The Directorate General of Foundations rented the historical Sanasaryan Han in Istanbul’s Eminönü neighborhood through a tender, despite a legal struggle by Turkey’s Armenian Patriarchate.
The tender for renting the historical building, organized by the Directorate General of Foundations on July 18, was won by Özgeylani Construction Company, despite the ongoing trial over the ownership of the building.
Turkey’s Armenian Patriarchate claims that the han, which was donated to the patriarchate in 1881 by a Russian-Armenian Mıgırdiç Sansaryan, belongs to them as they have the documents to prove the donation. The Directorate General of Foundations, on the other hand, claims that the building did not fall under the jurisdiction of a law on the return of properties to community foundations that took effect in 2011 as it had been owned by a person.
Şahin Gezer of Turkey’s Armenian Patriarchate Real Estate Commission told the Hürriyet Daily News that they had hoped until the last minute that the tender would be halted. Gezer said they would continue their legal action.
The Sanasaryan Han had an autonomous status when compared to the other Armenian foundations, Gezer said, adding that this was due to the fact that other foundations had churches and schools, whereas the han had been donated to the patriarchate by a natural person.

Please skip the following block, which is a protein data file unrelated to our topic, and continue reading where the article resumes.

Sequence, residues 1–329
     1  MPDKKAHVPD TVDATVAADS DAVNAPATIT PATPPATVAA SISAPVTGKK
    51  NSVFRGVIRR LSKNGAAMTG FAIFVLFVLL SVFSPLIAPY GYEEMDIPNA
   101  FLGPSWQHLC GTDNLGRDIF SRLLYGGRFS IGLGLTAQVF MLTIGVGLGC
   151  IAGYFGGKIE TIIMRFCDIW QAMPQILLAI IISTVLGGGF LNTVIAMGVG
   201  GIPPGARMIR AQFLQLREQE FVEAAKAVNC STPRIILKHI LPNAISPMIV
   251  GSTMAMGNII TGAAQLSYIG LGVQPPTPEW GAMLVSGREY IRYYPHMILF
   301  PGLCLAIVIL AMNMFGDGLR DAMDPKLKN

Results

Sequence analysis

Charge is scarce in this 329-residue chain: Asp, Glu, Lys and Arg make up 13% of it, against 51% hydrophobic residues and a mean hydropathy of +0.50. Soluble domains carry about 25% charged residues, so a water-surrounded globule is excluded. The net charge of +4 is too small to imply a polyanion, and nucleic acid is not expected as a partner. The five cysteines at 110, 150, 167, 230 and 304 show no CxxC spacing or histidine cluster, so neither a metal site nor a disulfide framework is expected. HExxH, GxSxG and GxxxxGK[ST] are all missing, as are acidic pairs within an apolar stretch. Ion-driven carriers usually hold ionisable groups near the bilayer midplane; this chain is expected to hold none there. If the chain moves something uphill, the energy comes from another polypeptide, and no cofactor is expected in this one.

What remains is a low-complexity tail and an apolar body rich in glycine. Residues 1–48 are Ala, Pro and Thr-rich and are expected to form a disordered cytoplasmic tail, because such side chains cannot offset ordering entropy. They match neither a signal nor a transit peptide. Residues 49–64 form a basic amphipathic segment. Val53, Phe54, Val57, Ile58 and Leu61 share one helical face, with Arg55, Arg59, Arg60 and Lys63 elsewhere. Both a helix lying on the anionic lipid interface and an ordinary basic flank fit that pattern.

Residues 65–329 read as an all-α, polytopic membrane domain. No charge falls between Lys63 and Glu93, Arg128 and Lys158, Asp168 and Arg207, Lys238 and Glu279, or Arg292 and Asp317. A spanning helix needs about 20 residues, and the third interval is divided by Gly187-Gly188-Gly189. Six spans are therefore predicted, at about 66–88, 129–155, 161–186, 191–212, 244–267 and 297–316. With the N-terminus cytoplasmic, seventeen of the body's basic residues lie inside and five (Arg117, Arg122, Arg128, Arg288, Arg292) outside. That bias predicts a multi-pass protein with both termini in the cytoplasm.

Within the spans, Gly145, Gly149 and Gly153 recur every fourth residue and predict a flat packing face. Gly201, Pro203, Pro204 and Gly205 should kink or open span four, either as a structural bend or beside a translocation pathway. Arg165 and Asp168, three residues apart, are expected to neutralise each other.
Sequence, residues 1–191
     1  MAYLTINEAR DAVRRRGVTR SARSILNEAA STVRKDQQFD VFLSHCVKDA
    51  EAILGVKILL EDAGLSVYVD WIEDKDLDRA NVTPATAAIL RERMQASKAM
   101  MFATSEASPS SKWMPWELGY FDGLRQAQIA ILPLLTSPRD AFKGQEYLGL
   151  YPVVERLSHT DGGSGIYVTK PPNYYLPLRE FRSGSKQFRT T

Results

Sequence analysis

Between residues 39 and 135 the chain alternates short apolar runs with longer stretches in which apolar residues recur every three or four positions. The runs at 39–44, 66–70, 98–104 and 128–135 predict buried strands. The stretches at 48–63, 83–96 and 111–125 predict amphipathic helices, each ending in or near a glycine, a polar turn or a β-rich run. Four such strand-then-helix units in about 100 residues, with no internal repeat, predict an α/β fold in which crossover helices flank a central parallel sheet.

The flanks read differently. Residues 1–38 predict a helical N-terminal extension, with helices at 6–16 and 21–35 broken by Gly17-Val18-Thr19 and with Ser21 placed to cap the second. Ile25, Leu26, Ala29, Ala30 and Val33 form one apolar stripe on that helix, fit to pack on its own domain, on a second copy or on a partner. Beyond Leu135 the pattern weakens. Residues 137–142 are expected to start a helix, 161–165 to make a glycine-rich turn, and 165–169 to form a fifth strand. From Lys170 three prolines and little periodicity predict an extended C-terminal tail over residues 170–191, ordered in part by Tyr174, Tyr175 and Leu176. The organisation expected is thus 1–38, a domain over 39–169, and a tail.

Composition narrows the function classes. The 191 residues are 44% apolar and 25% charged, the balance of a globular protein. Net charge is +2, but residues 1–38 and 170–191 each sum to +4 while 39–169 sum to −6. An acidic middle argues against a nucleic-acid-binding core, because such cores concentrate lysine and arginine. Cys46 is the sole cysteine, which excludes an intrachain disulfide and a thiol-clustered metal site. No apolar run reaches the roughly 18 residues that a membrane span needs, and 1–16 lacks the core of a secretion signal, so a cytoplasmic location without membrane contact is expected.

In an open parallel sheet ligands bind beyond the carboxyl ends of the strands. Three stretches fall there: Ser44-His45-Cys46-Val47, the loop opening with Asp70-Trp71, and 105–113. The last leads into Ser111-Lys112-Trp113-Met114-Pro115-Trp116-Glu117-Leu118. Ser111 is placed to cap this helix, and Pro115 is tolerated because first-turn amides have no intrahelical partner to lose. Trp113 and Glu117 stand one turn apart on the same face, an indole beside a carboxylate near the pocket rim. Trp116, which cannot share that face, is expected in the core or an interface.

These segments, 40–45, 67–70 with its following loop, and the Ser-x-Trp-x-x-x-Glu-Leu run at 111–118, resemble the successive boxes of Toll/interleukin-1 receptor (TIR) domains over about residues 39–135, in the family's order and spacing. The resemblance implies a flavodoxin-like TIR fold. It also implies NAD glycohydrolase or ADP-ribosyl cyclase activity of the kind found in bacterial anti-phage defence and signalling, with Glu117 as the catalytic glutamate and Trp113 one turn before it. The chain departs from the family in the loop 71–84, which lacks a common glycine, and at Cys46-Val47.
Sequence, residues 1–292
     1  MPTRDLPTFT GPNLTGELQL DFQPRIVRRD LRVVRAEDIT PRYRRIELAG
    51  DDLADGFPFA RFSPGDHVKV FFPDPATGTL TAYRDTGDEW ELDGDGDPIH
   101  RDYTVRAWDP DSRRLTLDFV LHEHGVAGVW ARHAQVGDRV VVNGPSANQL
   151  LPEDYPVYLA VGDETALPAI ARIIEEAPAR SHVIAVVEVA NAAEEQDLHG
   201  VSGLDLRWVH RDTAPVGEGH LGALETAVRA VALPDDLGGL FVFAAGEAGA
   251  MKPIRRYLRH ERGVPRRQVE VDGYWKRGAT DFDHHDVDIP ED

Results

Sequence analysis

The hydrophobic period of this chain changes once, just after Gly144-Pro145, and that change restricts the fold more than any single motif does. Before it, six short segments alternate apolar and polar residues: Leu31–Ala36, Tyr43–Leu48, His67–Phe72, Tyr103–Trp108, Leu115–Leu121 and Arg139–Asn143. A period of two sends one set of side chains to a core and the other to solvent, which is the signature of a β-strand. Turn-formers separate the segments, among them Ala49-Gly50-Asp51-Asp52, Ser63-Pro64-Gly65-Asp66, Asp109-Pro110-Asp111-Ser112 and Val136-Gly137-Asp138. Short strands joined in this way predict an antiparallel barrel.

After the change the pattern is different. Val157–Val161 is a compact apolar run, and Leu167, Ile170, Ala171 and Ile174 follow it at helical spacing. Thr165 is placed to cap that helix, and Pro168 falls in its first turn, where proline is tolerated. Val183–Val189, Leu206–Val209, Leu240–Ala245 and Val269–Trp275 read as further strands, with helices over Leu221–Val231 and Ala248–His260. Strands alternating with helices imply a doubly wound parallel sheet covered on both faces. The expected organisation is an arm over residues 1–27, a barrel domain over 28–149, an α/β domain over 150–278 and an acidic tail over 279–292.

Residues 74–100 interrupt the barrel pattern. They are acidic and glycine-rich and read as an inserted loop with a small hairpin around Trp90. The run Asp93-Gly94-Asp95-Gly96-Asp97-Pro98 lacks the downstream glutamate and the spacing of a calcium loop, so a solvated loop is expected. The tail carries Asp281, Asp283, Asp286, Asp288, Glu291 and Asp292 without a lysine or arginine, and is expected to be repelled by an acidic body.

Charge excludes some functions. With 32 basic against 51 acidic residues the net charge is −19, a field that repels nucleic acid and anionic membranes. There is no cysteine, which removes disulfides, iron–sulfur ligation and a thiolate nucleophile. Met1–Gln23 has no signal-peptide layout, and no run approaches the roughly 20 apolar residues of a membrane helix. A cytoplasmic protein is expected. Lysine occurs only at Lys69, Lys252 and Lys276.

Gezer said that the rent of the han should be equally distributed between Armenian schools and public schools without any discrimination, while adding that this was as an offer to the Directorate General of Foundations “as we are equal citizens.”
Commenting on the resolution on foundations, which entered into force two years ago, Gezer said more than 400 properties were returned but major problems were being faced. “For example, the returned space is accepted as a green area or is closed for housing, so even if it is returned you cannot use it,” said Gezer.
While the Özgeylani Construction Company left the Daily News’ questions unanswered, Aslı Ceren Demircan at the press department of the Directorate General of Foundations told the Daily News that the Sanasaryan Han was a cultural asset unregistered foundation that needed to be protected and that the rental of the building would not affect the court as the legal action was about the ownership.
“The topic has nothing to do with the process of returning [properties] to the community foundations,” said Demircan.
The han, after being donated to Turkey’s Armenian Patriarchate in 1881, was confiscated by the then government in 1935. The historical building became famous for torture during the time the building was used as the Police Department. The han also served as a courthouse for a while.